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Terje Vigen 1917 by Victor Sjöström, with English translation with English subtitles   Complain

Terje Vigen, by Henrik Ibsen

Leading Roles: The Lord: August Falck

The Lady: Edith Erastoff

Terje Vigen: Victor Sjöström His wife: Berliot Husberg

Directed by: Victor Sjöström

Cinematography: J. Julius

Producer: AB Svenska Biografleatern Stockholm

Act One

There lived a remarkably grizzled man on the uttermost, barren isle;

He never harmed, in the wide world's span, a soul by deceit or guile;

His eyes, though, sometimes would blaze and fret most when a storm was nigh.

And now, all I've heard about Terje, I'll try to tell from the first to last.

With land underfoot he was never at ease;

no, better by far then to dwell on the seas, on the mighty ebb and the flow.

In autumn, when wild-geese were singing south he met with their flying skein.

A heaviness fell on the sailor's breast;

Life lay astern with fire and zest and ahead lay a winter's gloom.

They anchored, and off his crewmen went with leave for a wild carouse.

He watched them with envy and discontent while he stood by his silent house.

Indoors there were two bestowed.

His wife sat and span in the peaceful light,

but the crib held a rosy, healthy mite, a baby girl, and it crowed.

That instant, and Terje's mind, men say, turned sober upon the spot.

He would sing all his happiest ditties

there where little Anna tugged his brown hair and lay in his folding arm.

Life ambled along till the year of war in eighteen-hundred and nine.

The tale's still told of what people bore, where want and distress combine.

Cruisers from England blockaded each port,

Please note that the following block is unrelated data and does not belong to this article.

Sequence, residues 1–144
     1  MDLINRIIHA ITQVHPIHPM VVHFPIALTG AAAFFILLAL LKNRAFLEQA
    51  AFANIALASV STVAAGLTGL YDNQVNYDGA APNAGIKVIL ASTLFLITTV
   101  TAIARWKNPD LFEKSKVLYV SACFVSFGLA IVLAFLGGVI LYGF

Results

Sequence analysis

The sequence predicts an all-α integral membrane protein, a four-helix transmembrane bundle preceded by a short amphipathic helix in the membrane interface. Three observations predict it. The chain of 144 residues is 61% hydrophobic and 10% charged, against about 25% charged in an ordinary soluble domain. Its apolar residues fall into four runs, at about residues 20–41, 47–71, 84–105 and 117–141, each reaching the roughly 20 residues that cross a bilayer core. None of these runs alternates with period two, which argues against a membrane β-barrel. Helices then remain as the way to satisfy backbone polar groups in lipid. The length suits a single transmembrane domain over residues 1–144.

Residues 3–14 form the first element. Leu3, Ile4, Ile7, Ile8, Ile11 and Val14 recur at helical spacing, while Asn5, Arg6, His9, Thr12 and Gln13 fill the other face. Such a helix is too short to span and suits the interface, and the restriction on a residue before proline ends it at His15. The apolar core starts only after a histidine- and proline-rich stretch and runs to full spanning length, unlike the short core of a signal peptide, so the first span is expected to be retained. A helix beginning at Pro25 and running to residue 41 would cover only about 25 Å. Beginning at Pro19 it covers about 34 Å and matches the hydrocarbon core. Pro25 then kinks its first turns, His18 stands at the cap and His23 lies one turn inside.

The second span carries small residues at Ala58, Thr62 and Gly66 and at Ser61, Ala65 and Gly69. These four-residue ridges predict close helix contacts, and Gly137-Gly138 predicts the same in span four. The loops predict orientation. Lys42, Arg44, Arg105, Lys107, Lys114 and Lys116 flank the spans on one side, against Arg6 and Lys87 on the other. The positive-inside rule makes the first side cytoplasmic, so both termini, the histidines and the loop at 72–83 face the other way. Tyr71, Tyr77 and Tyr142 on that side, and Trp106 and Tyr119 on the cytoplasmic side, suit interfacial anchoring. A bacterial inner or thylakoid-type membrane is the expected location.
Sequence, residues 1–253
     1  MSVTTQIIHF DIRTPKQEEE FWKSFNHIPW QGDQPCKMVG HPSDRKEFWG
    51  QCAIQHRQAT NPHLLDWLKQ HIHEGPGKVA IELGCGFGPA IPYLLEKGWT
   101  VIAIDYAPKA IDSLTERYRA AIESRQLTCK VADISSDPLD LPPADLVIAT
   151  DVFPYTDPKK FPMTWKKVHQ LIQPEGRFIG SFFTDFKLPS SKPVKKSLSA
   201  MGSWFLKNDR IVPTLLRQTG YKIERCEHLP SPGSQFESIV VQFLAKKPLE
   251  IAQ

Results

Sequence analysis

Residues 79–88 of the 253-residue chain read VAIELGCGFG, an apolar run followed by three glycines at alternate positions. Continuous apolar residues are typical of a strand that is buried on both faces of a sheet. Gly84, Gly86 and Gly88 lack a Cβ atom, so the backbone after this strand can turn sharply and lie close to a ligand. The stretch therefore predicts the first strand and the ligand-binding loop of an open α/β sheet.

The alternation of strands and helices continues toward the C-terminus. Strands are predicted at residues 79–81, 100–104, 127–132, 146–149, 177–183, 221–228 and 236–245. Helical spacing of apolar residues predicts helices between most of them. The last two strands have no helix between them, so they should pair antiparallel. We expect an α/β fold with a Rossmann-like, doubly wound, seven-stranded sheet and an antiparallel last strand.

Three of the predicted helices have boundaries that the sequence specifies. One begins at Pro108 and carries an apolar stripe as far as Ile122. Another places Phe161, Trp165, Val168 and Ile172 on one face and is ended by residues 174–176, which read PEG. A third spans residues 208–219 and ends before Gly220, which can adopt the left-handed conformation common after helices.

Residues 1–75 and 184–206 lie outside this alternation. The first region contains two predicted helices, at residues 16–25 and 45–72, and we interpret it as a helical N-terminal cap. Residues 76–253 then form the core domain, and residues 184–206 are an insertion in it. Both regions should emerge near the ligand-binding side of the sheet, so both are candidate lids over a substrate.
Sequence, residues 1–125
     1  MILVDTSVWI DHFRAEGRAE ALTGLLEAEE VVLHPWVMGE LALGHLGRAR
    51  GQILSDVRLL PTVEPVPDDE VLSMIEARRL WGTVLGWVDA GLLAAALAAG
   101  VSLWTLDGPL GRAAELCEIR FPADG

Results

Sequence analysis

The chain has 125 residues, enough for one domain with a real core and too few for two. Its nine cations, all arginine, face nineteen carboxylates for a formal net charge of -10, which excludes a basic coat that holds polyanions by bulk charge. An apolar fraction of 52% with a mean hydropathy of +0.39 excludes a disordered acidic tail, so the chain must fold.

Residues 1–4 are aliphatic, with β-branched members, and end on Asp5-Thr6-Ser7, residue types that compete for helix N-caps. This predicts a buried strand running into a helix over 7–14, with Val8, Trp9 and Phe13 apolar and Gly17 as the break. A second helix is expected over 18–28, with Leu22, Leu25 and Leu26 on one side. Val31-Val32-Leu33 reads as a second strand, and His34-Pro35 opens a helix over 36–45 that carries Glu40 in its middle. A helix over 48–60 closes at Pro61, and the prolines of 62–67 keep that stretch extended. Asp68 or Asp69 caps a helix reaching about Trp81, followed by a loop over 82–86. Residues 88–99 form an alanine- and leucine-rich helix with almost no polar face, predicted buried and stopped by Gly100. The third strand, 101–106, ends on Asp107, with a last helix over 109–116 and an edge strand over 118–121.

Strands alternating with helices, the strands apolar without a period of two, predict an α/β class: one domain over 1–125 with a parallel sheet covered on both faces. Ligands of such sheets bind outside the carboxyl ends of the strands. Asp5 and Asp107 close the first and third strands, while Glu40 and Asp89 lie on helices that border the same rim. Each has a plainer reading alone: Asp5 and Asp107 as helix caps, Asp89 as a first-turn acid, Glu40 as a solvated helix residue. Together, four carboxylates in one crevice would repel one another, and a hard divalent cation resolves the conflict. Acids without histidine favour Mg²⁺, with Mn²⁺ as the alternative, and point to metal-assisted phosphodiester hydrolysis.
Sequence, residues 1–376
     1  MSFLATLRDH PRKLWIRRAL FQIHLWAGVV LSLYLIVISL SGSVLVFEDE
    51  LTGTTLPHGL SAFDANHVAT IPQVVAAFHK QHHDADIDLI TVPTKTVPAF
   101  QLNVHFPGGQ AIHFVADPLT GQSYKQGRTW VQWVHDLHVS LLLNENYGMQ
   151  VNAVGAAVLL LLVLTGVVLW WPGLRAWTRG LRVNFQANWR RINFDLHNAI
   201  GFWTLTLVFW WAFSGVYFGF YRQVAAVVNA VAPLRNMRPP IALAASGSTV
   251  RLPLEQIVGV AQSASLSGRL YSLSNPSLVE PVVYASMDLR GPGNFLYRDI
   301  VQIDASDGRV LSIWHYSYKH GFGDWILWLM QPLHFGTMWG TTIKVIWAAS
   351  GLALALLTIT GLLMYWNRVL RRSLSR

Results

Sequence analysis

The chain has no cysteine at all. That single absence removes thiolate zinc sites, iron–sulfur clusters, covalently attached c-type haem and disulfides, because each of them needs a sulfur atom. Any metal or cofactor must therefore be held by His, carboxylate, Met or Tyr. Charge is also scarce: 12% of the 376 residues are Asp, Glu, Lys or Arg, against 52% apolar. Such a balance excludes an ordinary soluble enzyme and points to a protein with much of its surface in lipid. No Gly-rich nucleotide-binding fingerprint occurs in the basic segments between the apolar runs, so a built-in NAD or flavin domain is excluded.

by land there was dearth far and wide;

the poor people starved, the wealthy went short,

two powerful arms were no longer support with death and disease outside.

Then Terje drooped for a day or two.

But his miseries quickly go;

he thought of a comrade, ancient and true, the sea's great ebb and its flow.

The smallest dory there was to hand he chose for his Skagen trip.

Sail and mast he left home on land, such gear he thought best not ship.

"When winds stopped blustering quite so wild

Terje Vigen rowed for his wife and child, crossed the sea in an open boat!"

The Jutland reef was the devil to clear, but worse,

he'd the English blockade to clear, its look-out's eagle-eyed gleam.

To be continued


At Fladstrand, reaching there safe and sound, he gathered his precious stores.

And here was the staff of life to hand; and his wife and baby call.

The fourth morning, at dawn, by sun's first rays,

a blurred, misty line to scan. Near home at last;

That instant the phrase froze on his lip;

Gaeslingen, the shoal with the hidden top just east of the Homburg sound.

The English officer shouted "stop"! He hoisted an oar butt and let it drop

and stove in the dory's shell.

"There on the innermost beach a-shore watches my wife at our pitiful door

and waits with our baby for bread!"

He dived and he swam and he dived yet again;

in two feet depth all that treasure sank.

They lifted him out and over the side.

He offered his sorrow, they sold him their glee.